Let’s face it; B2B buyers are unlikely to take you seriously unless you’re a big-name brand or they’ve heard about you from an independent source, for example through a recommendation on a social network. Unless you’re Google, Apple or you happen to know the buyer’s cousin, you might as well not exist, right? Wrong. You can establish B2B thought leadership and build awareness through a smart content marketing campaign.
You’ve likely read blog posts explaining how to establish thought leadership in 10 Easy Steps or other such nonsense. But establishing real thought leadership, the kind that can position you as a trusted source (and one worth buying from), isn’t some kind of cheap parlor trick. Content marketing takes work. With so many B2B brands out there clamoring for the sacred status of “thought leader,” you’ve got to go the extra mile with your content marketing if you want to position yourself as a truly trustworthy and authoritative B2B brand.
1. Authenticity Is key
According to Michael Brenner, former VP of Marketing and Content Strategy at SAP, in an article for Forbes, “thought leadership is simply about becoming an authority on relevant topics by delivering the answers to the biggest questions on the minds of your target audience.”
Rather than push out half-baked content that’s merely trying to give the impression that you’re an authority in your field, you need to actually acquire the necessary knowledge and provide B2B buyers with purposeful, practical advice. In doing so, you’ll build trust and develop a relationship that could eventually lead to a sale. This is what real thought leadership is about &mdash knowing your topic extremely well and pushing out informed, creative content.
2. Do your homework
Do you know what pains your B2B buyers? You better if you hope to make any sales. B2B buyers will be more likely to engage with you if they feel comfortable with you and see that you’ve spent the time to get to know the kind of problems they deal with on a daily basis. It should not seem like you’re simply pushing them to buy your product.
Thought leaders are perceived as being entrenched in the pains that exist in the market, and that’s not something you can fake. You’ve got to spend ample time getting to know your B2B buyers’ pain points, by speaking with end users, reading relevant content, and attending industry events.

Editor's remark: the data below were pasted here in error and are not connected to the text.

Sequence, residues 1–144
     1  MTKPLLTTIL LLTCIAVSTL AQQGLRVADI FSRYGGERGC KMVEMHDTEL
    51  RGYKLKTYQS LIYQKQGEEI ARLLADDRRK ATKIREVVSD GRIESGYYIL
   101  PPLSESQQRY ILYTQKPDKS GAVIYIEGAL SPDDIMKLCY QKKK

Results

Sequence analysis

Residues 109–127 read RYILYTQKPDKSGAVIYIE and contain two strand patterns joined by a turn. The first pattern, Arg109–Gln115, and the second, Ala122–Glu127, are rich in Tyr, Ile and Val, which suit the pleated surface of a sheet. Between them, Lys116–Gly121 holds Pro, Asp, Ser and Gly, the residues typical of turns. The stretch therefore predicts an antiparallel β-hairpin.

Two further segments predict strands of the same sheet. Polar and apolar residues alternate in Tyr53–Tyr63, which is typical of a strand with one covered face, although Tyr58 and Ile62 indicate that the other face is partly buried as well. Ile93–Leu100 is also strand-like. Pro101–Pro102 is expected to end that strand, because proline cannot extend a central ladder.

Spend the time getting to know the pain points of your B2B buyers and the content you produce will be more informed and more likely to make a positive impression on your buyers.
3. Think outside the box
Once you’ve familiarized yourself with your B2B buyers’ pain points, it’s time to hit them with content that demonstrates your knowledge of said points. As mentioned above, it’s not as easy as spending millions of dollars (as if that were easy to begin with.) It comes down to creativity.
Your competitors are likely pumping out blog posts and e-books to establish thought leadership themselves. The Internet is practically clogged with this kind of content. If you want to stand out in the sea of would-be thought leaders, you’ll have to go a step further with your content. What this looks like (or sounds like) depends on your brand and its unique place in the market, but you can do it if you put in the time and effort.
What can you say that others haven’t said? How can you solve a problem no one else has been able to solve? Again, you’ll be better prepared to create more original content if you’re knowledgeable about the buyers’ pain points.
4. Be a presence
You know the saying “out of sight, out of mind?” That certainly applies to B2B brands trying to establish thought leadership on the web.
Once you’ve amassed a content arsenal, it’s time to get it out there. By strategically placing your content throughout the web &mdash on popular content marketing blogs, YouTube, podcasts, social media, online magazines, etc. &mdash you’ll start gaining more recognition.
The more B2B buyers see your name, the more they’ll think “Hey, I see this brand’s name out there all the time. They seem to understand me.” Just make sure that your content is honest, smart and helpful. Visibility is important, so long as what’s being seen is top-notch stuff. Remember, quality over quantity.
5. Don’t Take Shortcuts with Your Content Marketing
Content marketing isn’t something you can “hack” or do in “just fifteen minutes a day!” It takes a concerted effort on your part and a willingness to really learn the pain points of your B2B buyers. By becoming an actual thought leader, as opposed to one solely doing it just for the sale, you’ll create more meaningful content and, in turn, will be more likely to have a more comfortable, open conversation with the buyer.